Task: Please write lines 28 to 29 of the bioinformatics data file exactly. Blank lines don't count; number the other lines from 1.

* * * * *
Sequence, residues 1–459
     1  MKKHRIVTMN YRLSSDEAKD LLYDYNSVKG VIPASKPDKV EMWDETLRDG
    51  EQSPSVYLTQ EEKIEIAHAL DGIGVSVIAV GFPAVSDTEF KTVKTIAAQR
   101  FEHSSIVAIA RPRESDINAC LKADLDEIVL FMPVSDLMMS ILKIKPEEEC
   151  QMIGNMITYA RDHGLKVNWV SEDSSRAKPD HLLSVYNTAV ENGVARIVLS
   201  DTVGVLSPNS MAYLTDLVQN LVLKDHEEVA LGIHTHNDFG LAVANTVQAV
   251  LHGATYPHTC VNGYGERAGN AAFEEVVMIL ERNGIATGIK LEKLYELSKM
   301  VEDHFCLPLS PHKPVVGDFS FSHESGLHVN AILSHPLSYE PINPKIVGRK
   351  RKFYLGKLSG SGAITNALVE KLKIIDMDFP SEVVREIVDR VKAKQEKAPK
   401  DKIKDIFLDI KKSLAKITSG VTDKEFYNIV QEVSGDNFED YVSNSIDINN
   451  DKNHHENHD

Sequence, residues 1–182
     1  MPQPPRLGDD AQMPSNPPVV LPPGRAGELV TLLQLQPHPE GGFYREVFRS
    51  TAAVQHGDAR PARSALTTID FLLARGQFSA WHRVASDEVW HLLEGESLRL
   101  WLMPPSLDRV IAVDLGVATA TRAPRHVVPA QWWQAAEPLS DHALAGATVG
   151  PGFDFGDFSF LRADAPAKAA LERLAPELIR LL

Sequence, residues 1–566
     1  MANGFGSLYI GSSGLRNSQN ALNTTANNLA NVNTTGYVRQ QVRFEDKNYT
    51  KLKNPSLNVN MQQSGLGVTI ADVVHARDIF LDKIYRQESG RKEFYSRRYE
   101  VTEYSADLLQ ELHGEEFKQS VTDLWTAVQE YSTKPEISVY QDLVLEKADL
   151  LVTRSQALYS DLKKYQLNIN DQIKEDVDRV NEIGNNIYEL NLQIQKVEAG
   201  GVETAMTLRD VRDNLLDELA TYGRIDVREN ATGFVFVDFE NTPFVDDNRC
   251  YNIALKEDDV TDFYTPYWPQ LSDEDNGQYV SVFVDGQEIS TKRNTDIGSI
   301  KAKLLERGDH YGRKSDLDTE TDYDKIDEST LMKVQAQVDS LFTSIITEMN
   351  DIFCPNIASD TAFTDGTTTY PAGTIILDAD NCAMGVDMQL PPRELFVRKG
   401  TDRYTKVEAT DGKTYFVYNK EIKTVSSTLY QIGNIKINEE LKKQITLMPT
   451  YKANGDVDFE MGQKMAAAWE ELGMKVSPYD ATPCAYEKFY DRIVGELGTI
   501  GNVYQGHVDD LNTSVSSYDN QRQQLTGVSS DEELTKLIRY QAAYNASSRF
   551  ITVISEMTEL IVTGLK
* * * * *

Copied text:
   501  GNVYQGHVDD LNTSVSSYDN QRQQLTGVSS DEELTKLIRY QAAYNASSRF
   551  ITVISEMTEL IVTGLK